A copy sheet S is fed from a supply 23 to drive rollers 24, which then urge the sheet to move forward onto web 11 in alignment with a color-resolved toner image at a transfer station 25. At a roller 26, the toner image on web 11 is transferred to copy sheet S. If additional color-resolved toner images are to be transferred to sheet S, the sheet is held on roller 26 and brought back into contact with web 11 in register with subsequent toner images. Conventional means (not shown) such as a vacuum source or mechanical fingers may be used to hold the sheet on the roller 26 and release same in response to signals from LCU 15. After the transfer of all unfixed toner images to a copy sheet S, the sheet is transported to a heated pressure roller fuser 27 where the image is fixed to the copy sheet.
At a cleaning station 28, the photoconductive surface 16 of the web 11 is cleaned of any residual toner particles remaining after the toner images have been transferred.
Web 11 has a plurality of indicia such as perforations along one of its edges to coordinate operation of the various work stations 17, 18, 21, and 25 with movement of the image areas on the web. These perforations generally are spaced equidistantly along the edge of web 11. At a fixed location along the path of web movement, there is provided suitable means 29 for sensing web perforations. This sensing produces input signals to LCU 15 which has a digital computer, preferably a microprocessor. The microprocessor has a stored program responsive to the input signals for sequentially actuating, then deactuating the work stations as well as for controlling the operation of any other machine functions. Additional encoding means may be provided as known in the art for providing more precise timing signals for control of the various functions of the apparatus 10.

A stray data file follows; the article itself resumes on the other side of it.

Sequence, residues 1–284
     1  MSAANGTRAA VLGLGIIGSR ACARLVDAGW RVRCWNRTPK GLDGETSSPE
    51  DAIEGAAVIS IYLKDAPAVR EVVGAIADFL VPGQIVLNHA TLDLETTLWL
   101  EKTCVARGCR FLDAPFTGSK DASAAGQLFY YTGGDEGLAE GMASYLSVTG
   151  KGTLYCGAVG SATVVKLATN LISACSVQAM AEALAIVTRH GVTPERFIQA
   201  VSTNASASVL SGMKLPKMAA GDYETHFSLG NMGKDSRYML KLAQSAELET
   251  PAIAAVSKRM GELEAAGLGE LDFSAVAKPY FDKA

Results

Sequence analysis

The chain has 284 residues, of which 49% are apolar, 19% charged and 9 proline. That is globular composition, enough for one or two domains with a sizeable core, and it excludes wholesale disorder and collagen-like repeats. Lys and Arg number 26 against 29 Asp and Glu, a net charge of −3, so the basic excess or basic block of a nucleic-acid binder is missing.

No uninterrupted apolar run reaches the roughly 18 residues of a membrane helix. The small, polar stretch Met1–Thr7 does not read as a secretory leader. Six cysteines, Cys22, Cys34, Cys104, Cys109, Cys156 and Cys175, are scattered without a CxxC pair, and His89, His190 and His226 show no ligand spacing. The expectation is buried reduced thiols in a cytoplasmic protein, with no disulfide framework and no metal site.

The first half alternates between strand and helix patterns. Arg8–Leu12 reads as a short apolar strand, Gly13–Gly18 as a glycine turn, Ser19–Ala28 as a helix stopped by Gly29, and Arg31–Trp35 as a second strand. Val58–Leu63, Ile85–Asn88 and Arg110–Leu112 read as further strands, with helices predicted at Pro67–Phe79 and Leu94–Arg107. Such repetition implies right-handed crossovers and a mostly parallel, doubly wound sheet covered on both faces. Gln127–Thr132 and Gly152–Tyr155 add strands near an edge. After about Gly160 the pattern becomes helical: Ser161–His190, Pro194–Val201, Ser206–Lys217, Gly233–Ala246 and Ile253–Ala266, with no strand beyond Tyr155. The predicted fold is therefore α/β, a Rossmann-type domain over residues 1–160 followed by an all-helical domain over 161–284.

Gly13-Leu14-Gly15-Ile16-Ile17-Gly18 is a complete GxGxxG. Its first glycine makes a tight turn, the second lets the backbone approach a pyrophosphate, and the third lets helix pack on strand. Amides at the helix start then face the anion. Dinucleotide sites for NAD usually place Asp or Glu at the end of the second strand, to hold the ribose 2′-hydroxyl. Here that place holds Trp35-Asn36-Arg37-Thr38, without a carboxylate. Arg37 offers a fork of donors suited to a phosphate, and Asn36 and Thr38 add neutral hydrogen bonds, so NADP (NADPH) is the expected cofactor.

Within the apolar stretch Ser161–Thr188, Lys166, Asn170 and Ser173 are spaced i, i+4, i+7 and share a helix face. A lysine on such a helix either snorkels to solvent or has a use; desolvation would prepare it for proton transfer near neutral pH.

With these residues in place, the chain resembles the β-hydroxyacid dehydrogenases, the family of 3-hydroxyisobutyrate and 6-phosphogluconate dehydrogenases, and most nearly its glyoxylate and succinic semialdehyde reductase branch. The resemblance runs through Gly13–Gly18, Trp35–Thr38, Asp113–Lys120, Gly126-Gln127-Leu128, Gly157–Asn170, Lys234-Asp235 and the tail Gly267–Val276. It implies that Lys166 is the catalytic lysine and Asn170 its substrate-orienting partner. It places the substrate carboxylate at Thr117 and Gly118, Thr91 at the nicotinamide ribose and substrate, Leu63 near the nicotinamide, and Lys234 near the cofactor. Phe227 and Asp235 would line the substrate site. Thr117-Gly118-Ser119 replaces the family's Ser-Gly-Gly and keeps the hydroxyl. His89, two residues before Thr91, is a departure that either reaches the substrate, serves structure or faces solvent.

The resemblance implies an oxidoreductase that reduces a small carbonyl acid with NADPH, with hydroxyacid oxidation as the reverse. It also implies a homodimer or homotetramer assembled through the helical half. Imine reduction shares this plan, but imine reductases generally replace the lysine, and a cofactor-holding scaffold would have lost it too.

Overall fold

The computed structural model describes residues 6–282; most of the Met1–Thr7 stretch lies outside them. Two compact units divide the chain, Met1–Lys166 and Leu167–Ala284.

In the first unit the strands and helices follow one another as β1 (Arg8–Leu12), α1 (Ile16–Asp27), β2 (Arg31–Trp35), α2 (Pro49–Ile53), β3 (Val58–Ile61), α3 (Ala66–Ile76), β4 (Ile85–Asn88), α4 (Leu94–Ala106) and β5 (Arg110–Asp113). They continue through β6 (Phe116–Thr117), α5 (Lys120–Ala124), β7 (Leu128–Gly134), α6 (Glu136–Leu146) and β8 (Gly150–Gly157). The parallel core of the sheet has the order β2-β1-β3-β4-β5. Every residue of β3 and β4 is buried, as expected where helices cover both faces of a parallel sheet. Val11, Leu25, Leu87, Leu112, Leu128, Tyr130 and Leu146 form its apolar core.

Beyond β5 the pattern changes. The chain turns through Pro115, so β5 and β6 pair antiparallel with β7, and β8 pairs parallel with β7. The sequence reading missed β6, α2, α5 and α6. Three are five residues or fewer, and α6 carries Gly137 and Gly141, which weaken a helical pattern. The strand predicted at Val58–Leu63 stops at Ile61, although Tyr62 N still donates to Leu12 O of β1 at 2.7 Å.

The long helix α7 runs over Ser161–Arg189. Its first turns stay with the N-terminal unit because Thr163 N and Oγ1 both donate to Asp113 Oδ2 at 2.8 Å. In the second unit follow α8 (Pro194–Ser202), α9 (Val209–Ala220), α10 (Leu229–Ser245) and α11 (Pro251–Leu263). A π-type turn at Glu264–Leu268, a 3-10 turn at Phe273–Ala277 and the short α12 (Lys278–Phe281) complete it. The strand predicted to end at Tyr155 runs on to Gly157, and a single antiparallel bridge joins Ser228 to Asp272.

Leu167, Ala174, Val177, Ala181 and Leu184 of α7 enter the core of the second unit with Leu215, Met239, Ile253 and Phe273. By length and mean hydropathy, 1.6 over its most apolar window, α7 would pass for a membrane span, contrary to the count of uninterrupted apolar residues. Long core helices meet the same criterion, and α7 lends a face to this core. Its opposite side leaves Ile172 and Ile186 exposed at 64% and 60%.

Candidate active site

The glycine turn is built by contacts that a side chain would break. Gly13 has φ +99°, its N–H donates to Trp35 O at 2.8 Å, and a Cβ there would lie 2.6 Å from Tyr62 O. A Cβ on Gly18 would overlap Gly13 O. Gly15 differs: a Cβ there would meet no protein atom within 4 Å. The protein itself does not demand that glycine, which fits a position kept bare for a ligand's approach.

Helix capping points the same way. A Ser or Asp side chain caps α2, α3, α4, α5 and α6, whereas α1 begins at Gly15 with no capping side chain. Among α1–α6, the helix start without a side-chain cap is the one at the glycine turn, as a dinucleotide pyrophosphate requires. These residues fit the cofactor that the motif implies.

Programming of a number of commercially available microprocessors is a conventional skill well understood in the art. This disclosure is written to enable a programmer having ordinary skill in the art to produce an appropriate control program for the one or more microprocessors used in this apparatus. The particular details of any such program would, of course, depend on the architecture of the designated microprocessor.